Alzheimer Europe (AE) is delighted to present its two new publications: A comparative report on “Standards for residential care facilities in Europe” and a discussion paper called “Dementia as a disability? Implications for ethics, policy and practice”. As always, involving people living with dementia in its work helps AE ensure it continues to reflect their needs and views. “Nothing about us without us!”
The comparative report, coordinated by Project Officer Ana Diaz, in collaboration with AE’s national members and various national experts and with input from members of the European Working Group of People with Dementia (EWGPWD) and their supporters, provides an overview of the existing care standards and regulatory requirements residential care facilities in Europe need to meet and addresses key areas that impact on people in residential care: Physical environment; Staff providing care; Health and social care; End-of-life care; and Abuse and use of restraint.
It highlights some important oversights on how dementia is currently addressed or neglected in frameworks and standards in Europe. However, it also highlights examples of good practices in these areas across Europe. Some of the key issues that still need to be considered at policy level are the formulation of clear and legally binding standards with specific considerations of the needs of residents with dementia, appropriate training for staff, awareness raising and the provision of high-quality accessible information to residents, families and staff about their rights and what they should be able to expect from care.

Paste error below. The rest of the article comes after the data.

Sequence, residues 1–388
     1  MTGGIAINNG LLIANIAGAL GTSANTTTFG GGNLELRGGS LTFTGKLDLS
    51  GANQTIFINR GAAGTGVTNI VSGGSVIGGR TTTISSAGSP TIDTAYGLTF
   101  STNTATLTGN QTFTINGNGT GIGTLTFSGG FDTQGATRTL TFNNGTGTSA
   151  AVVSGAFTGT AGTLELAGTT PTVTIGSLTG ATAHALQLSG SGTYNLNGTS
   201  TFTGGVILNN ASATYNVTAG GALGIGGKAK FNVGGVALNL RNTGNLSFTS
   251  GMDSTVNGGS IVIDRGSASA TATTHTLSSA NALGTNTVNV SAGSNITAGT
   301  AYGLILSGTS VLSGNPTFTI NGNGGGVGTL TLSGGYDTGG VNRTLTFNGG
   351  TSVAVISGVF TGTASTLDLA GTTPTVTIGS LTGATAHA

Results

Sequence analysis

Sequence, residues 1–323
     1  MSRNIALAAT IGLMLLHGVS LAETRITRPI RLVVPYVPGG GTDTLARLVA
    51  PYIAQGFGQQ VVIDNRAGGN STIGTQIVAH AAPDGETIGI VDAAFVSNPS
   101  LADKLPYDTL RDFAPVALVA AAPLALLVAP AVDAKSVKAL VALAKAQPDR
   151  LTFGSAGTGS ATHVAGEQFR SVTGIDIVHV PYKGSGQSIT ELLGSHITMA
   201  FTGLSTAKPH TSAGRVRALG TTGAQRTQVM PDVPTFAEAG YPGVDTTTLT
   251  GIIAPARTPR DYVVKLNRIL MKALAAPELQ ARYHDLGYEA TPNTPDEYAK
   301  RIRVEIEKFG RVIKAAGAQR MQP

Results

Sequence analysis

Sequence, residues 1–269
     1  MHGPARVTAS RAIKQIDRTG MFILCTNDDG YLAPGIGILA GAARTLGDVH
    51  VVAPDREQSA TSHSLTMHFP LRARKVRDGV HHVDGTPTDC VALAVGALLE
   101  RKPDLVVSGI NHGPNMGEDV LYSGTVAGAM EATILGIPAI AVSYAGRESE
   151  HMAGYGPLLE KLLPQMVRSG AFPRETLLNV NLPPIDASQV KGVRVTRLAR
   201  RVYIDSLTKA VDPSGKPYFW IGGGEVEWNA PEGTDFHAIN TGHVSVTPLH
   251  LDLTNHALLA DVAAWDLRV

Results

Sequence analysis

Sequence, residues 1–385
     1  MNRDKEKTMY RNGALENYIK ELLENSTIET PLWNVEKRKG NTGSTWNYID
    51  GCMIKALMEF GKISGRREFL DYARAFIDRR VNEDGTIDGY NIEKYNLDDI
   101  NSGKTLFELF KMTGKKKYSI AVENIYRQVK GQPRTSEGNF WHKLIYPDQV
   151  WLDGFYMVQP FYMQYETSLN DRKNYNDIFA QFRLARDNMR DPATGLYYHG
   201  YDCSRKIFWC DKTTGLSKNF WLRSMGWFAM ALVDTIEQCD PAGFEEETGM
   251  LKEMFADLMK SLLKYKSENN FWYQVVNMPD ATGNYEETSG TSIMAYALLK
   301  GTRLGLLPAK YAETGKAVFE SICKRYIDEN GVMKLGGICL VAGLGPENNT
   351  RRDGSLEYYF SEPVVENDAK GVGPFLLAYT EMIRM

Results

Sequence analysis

AE hopes this comparative report will be useful in improving the standards of care and the quality of life of people with dementia in residential care.
For further information please contact Dr Ana Diaz: email@example.com
About the discussion paper: Article 1 of the United Nations Convention on the Rights of Persons with Disabilities (CRPD, 2006) states, “Persons with disabilities include those who have long-term physical, mental, intellectual or sensory impairments which in interaction with various barriers may hinder their full and effective participation in society on an equal basis with others.” This clearly applies to the situation and experience of many people with dementia. The paper, which was authored by a working group of 11 experts in the fields of disability, dementia, law, anthropology, psychology and policy from across Europe and chaired by AE Director for Projects Dianne Gove, takes this as its starting point to explore the possible implications for ethics, policy and practice of accepting dementia as a disability.
It was extremely important for AE to ensure that the experience and perspectives of people with dementia were reflected in this paper. The entire EWGPWD was therefore involved right from the start, first by asking them about their perceptions of disability and dementia and then via a one-day face-to-face consultation and subsequent involvement in the development of an accessible version of the full report. Two members of the EWGPWD, Helen Rochford-Brennan and Helga Rohra, were also members of the expert ethics group
For further information please contact Dr Dianne Gove: firstname.lastname@example.org
You can purchase both publications via http://alzheimer-europe.org/Publications/E-Shop